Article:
You’ll notice how I pitted the president of the United States, Donald J Trump as an individual against China and not the United States as a country against China. This is because I really don’t believe there’s a common consensus amongst US citizens that Trump should be engaging in a trade war with China, solely on grounds that the two countries have two different political systems.
I mean in China there’s somewhat of a dictatorship, which means that the government pretty much represents the voice of its people, whether they agree or disagree with the ensuing policies adopted and implemented. In the United States on the other hand, the president is supposed to be going on what the people generally require of him, but it appears as if the current president has very little regard for the common sentiment.
I hope that this is about as political as I’m ever going to get with my posts on this blog, but then again politics is so closely related to economics that this might prove to be impossible.
So anyway, I’m with those who are of the general belief that it’s not a good idea for Trump to be picking fights such as that of a trade war with China. I believe the US could be headed for disaster in that case, early signs of which can be seen in the floundering strength of the US dollar.
The impact on the currency is only a tip of the iceberg though – there are so many other indicators which suggest that a trade war is never in order, but it’s rather late as of right now because pulling out of the trade war at this moment would make for somewhat of an admission of having made the wrong move. That’s not something Mr. Trump would be willing to do anytime soon, if ever…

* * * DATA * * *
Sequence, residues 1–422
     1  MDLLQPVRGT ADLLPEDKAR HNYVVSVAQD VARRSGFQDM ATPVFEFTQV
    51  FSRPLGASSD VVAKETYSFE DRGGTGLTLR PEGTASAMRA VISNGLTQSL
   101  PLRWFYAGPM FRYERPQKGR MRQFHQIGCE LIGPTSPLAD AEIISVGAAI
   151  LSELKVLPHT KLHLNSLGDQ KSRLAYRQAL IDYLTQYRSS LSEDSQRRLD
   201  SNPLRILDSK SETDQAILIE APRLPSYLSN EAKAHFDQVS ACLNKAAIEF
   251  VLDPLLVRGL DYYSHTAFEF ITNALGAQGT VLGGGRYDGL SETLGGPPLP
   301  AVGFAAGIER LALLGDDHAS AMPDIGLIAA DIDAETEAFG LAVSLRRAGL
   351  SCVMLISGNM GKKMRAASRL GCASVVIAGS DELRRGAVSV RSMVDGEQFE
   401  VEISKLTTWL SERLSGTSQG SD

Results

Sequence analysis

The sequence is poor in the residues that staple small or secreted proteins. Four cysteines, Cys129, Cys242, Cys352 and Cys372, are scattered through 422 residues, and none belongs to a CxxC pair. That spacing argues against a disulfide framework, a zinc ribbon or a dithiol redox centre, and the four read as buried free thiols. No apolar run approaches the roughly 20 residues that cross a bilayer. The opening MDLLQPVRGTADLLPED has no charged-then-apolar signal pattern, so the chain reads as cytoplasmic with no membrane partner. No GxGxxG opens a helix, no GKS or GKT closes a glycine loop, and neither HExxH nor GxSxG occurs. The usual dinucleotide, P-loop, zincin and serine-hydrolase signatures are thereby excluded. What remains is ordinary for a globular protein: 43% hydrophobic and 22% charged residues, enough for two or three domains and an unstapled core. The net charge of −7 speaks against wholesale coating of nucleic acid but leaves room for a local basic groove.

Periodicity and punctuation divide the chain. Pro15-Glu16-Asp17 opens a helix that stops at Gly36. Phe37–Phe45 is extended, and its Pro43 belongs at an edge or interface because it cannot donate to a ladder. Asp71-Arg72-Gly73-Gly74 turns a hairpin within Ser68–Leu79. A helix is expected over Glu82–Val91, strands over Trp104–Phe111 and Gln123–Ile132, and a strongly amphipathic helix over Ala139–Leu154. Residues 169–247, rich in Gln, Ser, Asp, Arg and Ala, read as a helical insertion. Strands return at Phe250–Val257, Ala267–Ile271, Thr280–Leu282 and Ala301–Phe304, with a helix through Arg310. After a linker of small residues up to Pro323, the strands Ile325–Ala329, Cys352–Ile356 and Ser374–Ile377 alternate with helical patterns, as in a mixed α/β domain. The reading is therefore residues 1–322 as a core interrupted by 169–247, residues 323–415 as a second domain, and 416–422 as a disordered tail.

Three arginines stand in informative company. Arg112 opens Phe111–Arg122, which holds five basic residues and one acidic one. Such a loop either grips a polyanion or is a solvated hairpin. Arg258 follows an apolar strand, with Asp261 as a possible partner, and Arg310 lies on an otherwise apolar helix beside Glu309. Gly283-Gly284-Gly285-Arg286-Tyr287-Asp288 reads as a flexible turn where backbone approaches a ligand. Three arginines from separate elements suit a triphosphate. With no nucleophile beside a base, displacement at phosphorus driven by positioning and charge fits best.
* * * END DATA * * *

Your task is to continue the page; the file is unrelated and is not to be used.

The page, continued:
The reason why any trade war with a country like China would indicatively not end well for the USA though is because of the long established economic ecosystems which exist in the two countries, which are pretty much polar opposites to say the least. For one, the true-world value of a singular dollar goes a lot further in China, which is why China has been associated with being a source for cheap labour for such a long time.
One of the immediate consequences of a trade war would be the need for working class citizens of both countries to be prepared to take a drastic pay-cut, or rather to make do with the type of income that simply cannot sustain the average middle-class life in the United States, whereas in China it would do just fine.
Look, given the trade deficit between the USA and China, there’s no question about the fact that the US would have needed to restructure things a bit, but a trade war is not the way to do it. A drive to have more locally manufactured goods consumed and perhaps exported to other countries would have been a better approach, not going head to head with a country that is a source for very cheap labour.